- Jay Maharjan
It was a blessing in disguise when I got my first job out of engineering school as a middle manager. Lessons learned that as a middle manager you are stuck between a rock and a hard place. You are given a limited amount of descision making capability from the top and at the same time constantly hounded by your reports for never ending cycle of smaller responsibilities. Blessing, I call it because it was an opportunity to decide early on that entrepreneurship was my true calling. Looking back, I am proud that I made that conscious choice and hindsight turned out to be quite accurate in this case. Growing number of research is proving that middle managers can be a dying breed – unless they change themselves and adapt to the new demands of the 21st century.
I recently read a piece by London Business School professor Lynda Gratton on the same topic and she has firmly given an outlook of roles for middle managers in the future. The brief summary of what she is claiming and something that I have also written elaborately in the past – that the old concept of knowledge jobs are gone for good. Gone are the days when being a great craftsman and honing your craft would assure you a lifelong career. General management responsibilities at the middle management level is becoming less of a relevant role anymore. Technology enabled tools have replaced these tasks for middle managers. Middle managers need to create sustainable competitiveness and create their value, salvage their positions in different ways. Like Gratton is implying in her piece, managers need to focus more on mentoring, fostering innovation, entrepreneurship rather that micro-managing daily tasks.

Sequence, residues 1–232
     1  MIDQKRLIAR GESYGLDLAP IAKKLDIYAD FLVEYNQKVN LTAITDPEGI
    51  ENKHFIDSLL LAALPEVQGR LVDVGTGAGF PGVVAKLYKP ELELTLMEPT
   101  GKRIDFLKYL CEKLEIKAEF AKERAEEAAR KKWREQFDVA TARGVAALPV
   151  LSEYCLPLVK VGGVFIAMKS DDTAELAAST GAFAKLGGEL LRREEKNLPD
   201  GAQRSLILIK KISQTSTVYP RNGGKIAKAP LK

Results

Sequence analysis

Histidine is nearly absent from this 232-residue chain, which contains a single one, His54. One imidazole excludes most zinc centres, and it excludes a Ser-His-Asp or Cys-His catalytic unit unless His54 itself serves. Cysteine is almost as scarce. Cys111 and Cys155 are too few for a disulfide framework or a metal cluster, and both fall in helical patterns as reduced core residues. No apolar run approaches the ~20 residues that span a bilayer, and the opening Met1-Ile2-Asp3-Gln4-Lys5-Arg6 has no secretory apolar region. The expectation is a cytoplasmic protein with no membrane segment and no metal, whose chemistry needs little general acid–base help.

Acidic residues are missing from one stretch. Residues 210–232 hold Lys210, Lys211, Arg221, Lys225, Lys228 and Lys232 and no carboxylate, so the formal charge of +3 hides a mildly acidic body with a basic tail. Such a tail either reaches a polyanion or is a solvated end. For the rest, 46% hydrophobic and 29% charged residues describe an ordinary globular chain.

I am sure we will hear more on corporate entrepreneurship at the middle manager level in the upcoming decade. Middle managers need to learn to be motivators, and must play a supporting role in a broader scheme of creating vision for the company. If done right, Corporations will have an opportunity to let middle managers go free from their traditional roles – and run a more performance driven, entrepreneurial ventures within corporate setting. This can create tremendous morale among employees as well as a tremendous opportunity for middle managers to constantly grow themselves.
Gratton makes a great point that in the future visilbility for the middle managers will not come from HR, but from peer endorsed, peer reviewed knowledge hubs like lawlink, Sermo and PubMed